The esteemed Harvard Kennedy School’s research institute “Belfer centre” has published a report reviewing the nuclear security measures of the countries having nuclear weapons.
The Report “Preventing Nuclear Terrorism: Continuous Improvement or Dangerous Decline?” was released ahead of fourth nuclear security summit scheduled for end of this month.
The report warns Pakistan against the risk of a nuclear theft, but expressed satisfaction over the measures in place to ensure the safety of nuclear weapons. “By some estimates, the Strategic Plans Division, which manages Pakistan’s nuclear weapons, has 25,000 troops available to guard Pakistani nuclear stocks and facilities. 82 Pakistani officials report that sites are equipped with extensive barriers and detection systems, that the components of nuclear weapons are stored separately and that Pakistani weapons are equipped with locks to prevent unauthorized use.” said the report. The report also pointed out to the unstable political situation in Pakistan, “The possibilities of state collapse or extremist takeover cannot be entirely ruled out, though the near-term probability of such events appears to be low”.
The report warns that Pakistan must protect its nuclear assets against almost overwhelmingly adversary threats, including terrorist groups that have previously launched complex and well-coordinated attacks on heavily defended military targets within Pakistan. “Although India has taken significant measures to protect its nuclear sites, recent reports suggest that its nuclear security measures may be weaker than those of Pakistan,” it added. The Report also stated that United States and Pakistan will continue smeaningful dialogues to ensure nuclear security and that High Officials from United States including Obama and US Joint Chiefs of Staff have repeatedly expressed confidence in Pakistani Nuclear Security arrangements. “Despite a variety of negative reports in the U.S. press on Pakistani nuclear security, U.S. officials from President Obama to the Chairman of the Joint Chiefs of Staff have repeatedly expressed confidence in Pakistani nuclear security arrangements.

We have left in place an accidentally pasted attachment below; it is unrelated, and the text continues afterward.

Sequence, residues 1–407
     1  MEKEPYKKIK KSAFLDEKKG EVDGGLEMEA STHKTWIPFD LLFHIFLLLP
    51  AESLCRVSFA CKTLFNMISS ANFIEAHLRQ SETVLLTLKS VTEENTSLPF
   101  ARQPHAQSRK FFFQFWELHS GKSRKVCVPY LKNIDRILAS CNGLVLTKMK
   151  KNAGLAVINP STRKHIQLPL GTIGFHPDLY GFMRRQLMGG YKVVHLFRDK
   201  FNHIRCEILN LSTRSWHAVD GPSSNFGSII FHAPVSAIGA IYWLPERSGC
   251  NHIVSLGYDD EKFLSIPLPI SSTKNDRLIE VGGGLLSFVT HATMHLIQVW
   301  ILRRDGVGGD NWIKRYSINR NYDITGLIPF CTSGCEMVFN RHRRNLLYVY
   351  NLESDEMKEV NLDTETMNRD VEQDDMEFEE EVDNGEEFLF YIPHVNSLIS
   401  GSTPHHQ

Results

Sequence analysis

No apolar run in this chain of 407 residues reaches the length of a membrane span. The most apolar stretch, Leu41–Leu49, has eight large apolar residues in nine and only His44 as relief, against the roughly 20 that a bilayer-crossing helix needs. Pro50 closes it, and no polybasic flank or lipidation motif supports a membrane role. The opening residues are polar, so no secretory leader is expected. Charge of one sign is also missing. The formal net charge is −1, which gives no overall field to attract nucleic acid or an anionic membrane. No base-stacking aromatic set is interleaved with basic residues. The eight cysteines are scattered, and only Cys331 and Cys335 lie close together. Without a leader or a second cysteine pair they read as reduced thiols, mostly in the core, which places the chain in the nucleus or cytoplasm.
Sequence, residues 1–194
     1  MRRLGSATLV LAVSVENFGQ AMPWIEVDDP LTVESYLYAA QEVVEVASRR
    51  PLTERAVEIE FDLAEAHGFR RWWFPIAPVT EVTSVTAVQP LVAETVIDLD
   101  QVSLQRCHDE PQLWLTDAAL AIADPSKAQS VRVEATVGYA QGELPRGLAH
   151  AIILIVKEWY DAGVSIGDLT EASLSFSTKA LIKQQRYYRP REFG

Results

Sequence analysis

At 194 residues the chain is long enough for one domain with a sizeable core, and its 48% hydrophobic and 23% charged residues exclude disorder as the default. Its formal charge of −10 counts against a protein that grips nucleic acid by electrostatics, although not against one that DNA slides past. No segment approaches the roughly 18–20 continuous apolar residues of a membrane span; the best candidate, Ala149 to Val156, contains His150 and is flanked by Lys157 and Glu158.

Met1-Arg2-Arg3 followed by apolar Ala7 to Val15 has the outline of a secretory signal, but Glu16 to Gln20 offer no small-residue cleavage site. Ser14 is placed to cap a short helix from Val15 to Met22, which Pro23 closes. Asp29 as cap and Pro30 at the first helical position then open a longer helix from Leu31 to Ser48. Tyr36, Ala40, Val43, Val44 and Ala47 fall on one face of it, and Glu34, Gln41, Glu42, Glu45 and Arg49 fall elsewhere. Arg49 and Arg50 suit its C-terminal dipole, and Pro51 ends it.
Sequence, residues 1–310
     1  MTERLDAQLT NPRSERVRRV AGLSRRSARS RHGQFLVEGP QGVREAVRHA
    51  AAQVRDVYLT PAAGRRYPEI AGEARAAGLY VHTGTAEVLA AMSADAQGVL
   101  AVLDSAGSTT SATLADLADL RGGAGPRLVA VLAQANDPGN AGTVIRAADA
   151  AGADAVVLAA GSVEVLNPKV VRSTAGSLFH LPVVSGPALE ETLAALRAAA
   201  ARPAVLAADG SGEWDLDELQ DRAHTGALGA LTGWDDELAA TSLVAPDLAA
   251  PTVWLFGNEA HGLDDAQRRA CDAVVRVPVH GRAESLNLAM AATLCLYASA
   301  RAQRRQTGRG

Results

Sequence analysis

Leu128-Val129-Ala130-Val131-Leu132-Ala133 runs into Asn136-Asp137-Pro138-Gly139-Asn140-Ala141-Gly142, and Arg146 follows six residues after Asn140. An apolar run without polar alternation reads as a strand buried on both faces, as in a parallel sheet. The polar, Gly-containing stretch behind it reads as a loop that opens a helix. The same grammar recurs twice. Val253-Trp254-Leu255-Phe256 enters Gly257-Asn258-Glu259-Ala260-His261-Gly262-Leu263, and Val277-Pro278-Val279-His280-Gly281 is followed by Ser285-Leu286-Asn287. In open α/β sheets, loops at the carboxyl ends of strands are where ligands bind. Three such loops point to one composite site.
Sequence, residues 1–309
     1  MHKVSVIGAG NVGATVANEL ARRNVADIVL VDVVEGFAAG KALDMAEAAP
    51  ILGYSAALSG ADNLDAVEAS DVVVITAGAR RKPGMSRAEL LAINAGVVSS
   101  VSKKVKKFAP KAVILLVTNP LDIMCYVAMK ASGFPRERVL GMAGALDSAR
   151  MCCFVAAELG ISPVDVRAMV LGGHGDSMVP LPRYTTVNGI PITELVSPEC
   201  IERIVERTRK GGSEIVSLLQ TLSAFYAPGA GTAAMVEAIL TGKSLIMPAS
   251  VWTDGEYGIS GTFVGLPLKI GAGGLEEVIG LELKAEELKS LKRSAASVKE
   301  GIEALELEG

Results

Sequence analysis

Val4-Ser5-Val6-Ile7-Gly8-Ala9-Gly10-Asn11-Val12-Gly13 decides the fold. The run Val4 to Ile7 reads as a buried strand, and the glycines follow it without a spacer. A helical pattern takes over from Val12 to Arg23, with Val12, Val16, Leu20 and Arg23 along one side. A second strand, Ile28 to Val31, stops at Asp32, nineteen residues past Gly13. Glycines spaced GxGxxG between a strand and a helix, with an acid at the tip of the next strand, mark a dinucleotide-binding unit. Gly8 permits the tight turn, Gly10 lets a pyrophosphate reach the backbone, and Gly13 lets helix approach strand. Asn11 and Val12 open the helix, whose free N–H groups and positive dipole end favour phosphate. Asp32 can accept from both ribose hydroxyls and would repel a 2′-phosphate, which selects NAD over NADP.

It is notable, however, that these statements of confidence have not been repeated at recent high-level U.S.-Pakistani meetings suggesting that the United States has concerns about some elements of Pakistan’s nuclear security approach. The Director of the U.S. Defense Intelligence Agency, however, testified in February 2015 that improvements were continuing.” The report stated. On the occasion of sixth ministerial level strategic dialogue between Pakistan and United States in February, US Secretary of State John Kerry, in his opening remarks, had asked Pakistan to realize that keeping a large nuclear programme “does not make sense” and that Pakistan needs to “process that reality and put it front and centre in its policy”. He also expressed hope that both countries will continue to discuss the obligations of being a responsible nuclear state. Speculations arose in the media that United States and Pakistan had differences over nuclear security issues and that US was pushing Pakistan to cut down on its nuclear programme.